If you've seen today's Kansas City Star, you might have read the story about Miguel Olivo. The free agent catcher was signed December 27 by the Royals to come in and compete with John Buck for playing time.
Evidently, that was not what was communicated to Olivo via his agent, Martin Arburua, who had conversations with five or six teams, including the Tigers, after he was non-tendered by the Marlins during the offseason. But, in the end, he wound up coming to Kansas City because he thought he was going to have a good shot at being the Royals' primary catcher.
It was apparently a miscommunication, though, as shortly after pitchers and catchers reported to camp in Surprise, Ariz., new Royals manager Trey Hillman made it clear that Buck was Kansas City's No. 1 man behind the plate.
Olivo shrugged it off, saying that's not what he had been told, but that he would compete for his job and continue to work toward being the Royals' primary catcher.
"We'll work it out," Olivo said at the time. "In my mind, I'm the starting catcher because that's the way I've been my whole career."
Now, two weeks into Spring Training, today's story by Sam Mellinger appears in the Star, and it really doesn't sound like Olivo is content, despite the fact that he claims he's not angry, or bitter with his situation.
"If I'd have known it was going to be like that, the second catcher on the team, I would've (done) something else," Olivo said.
He came to Kansas City thinking that he was going to be the starter, and he could have been in an organization like Detroit's, so do you really think he'll continue to be happy if he's playing catcher twice a week, and DHing or playing left field other days?
For their part, Hillman and Kansas City general manager Dayton Moore have both stated that they never told Arburua anything about Olivo's playing time, or certainly not that he would be the starter. And both Hillman and Moore have also said that, just like with every position in Spring Training, Olivo and Buck are competing for playing time.
In front of the cameras and microphones, things have seemed fine. Olivo is a veteran, and he says that he'll deal with the situation, since there's really nothing he can do about it other than compete hard to earn the job. But you really have to wonder whether Olivo's blood is boiling deep down inside, and that he's regretting having signed with the Royals.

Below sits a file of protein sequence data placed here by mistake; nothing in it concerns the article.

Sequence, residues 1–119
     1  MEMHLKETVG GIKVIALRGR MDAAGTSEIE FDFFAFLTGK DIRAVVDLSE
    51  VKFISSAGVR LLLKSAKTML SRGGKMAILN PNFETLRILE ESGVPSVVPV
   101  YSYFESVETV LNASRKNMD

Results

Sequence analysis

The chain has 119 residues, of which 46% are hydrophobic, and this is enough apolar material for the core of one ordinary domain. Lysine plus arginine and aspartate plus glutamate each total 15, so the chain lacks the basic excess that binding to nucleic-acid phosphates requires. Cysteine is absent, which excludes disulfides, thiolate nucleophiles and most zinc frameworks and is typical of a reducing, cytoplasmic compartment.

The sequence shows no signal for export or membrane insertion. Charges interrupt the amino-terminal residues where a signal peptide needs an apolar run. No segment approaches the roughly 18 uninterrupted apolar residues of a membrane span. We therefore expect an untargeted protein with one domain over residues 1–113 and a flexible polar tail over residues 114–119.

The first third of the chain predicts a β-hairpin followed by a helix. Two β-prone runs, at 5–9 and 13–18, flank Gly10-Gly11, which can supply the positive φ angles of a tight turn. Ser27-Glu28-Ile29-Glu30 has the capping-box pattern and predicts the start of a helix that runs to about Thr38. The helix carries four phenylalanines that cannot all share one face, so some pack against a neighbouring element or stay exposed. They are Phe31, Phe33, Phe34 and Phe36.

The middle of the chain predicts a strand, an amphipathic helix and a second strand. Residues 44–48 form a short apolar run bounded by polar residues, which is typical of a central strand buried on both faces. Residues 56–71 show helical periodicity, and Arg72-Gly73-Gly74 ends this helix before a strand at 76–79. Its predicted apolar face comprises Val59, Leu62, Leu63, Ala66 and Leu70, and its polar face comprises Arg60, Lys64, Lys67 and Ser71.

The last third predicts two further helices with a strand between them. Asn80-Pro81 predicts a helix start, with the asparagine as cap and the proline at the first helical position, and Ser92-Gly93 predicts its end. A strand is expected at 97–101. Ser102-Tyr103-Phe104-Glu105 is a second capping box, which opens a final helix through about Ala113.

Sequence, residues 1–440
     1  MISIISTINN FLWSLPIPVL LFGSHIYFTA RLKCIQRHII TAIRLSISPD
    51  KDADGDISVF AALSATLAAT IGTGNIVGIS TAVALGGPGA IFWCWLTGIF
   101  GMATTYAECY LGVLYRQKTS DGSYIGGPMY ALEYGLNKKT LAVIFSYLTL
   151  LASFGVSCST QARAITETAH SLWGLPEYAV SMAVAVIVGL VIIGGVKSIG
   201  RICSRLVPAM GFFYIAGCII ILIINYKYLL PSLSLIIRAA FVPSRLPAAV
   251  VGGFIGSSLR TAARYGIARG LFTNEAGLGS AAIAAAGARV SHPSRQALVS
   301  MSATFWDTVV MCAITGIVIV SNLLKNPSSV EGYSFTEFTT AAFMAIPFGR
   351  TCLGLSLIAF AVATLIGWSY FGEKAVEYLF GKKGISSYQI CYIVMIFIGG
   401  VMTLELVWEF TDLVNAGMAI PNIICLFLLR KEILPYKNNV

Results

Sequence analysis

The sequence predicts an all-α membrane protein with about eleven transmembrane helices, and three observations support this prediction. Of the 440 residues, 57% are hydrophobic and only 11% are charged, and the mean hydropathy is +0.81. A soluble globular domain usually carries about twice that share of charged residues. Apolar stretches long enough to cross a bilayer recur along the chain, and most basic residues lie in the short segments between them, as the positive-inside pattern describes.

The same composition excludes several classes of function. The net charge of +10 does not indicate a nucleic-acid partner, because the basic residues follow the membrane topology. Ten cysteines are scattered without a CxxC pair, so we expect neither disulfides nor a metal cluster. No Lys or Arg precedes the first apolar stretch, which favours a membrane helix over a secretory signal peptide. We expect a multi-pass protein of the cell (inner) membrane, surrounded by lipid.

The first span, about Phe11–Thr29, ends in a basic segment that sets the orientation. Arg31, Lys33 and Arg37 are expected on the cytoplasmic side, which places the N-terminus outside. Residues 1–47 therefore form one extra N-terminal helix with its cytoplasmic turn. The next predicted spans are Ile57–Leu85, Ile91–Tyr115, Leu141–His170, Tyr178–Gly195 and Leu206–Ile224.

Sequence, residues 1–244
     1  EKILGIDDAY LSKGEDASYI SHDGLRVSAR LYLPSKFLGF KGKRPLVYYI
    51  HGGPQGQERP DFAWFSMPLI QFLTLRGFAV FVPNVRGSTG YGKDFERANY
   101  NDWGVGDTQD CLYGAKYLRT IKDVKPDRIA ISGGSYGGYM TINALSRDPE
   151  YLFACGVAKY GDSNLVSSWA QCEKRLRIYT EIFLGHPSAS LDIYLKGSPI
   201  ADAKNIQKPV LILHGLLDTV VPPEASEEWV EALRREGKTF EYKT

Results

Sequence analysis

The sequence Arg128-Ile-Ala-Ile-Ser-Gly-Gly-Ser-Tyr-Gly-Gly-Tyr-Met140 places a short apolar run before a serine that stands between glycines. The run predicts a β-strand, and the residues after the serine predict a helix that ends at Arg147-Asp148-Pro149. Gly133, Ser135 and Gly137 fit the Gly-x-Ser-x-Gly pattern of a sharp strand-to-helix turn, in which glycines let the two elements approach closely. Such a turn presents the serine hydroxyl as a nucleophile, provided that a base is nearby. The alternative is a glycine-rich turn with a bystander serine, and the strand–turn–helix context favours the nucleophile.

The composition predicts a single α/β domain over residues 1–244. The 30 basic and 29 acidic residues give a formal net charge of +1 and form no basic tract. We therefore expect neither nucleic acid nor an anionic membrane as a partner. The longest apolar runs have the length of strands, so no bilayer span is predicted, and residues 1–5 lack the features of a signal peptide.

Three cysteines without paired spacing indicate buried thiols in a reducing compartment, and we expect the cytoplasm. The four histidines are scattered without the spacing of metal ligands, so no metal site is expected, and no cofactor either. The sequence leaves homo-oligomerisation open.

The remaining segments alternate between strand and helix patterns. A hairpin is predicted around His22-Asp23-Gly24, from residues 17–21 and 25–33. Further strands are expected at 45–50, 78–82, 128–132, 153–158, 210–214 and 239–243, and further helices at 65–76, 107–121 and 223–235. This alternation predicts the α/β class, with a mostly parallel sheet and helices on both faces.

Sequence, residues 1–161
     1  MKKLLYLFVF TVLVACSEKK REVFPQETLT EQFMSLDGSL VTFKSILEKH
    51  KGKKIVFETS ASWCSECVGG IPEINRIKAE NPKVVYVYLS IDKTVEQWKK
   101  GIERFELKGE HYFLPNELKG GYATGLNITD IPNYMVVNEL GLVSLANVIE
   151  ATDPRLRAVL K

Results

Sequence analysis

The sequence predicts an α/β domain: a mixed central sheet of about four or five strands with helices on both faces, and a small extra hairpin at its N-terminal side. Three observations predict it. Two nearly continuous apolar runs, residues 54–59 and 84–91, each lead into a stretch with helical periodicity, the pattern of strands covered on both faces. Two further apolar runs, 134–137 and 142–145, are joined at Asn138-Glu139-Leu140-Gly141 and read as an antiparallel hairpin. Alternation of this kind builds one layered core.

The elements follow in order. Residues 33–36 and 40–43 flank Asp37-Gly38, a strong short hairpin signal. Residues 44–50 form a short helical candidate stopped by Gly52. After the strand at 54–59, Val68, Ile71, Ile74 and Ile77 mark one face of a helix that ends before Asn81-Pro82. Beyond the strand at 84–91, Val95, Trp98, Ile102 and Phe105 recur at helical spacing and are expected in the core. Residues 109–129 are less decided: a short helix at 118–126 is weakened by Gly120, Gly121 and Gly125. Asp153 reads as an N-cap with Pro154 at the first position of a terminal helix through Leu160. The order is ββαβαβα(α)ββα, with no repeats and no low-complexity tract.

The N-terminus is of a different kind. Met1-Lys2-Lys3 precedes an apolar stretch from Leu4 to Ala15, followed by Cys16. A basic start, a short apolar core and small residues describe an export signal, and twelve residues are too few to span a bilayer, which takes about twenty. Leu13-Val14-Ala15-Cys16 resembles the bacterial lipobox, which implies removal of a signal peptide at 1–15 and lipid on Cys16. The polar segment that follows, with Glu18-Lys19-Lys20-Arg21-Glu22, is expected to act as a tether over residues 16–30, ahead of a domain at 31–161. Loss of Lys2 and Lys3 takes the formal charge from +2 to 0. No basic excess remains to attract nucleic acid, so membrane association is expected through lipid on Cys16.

If so, I don't think this will be a healthy marriage in the long run, and it might be wise for the Royals to shop around for a team looking for a decent catcher, and see what kind of return they could get for Olivo when he's eligible to be traded on June 16. He batted .237 with 16 home runs and 60 runs batted in with the Marlins in 2007, and he's got a good arm and decent speed.
The Royals could always go with Matt Tupman as the backup to Buck, and unlike Olivo, Tupman would probably be thrilled at the aspect of making Kansas City's 25-man roster.
Tupman had an impressive offseason, playing in the Dominican Winter League for Tigres del Licey. The 28-year old Tupman batted .293 with 12 RBI during the regular season, and earned the chance to start for his team in the Caribbean Series. He helped his team win the championship with a 5-1 record by batting .353 in those games.
And, who knows, maybe Olivo will be the one to emerge as the starter. But Kansas City needs players who want to be on the team, no matter what their role is. And if John Buck is going to be starting again for the Royals in 2008, it might not be beneficial to have Olivo stewing on the bench.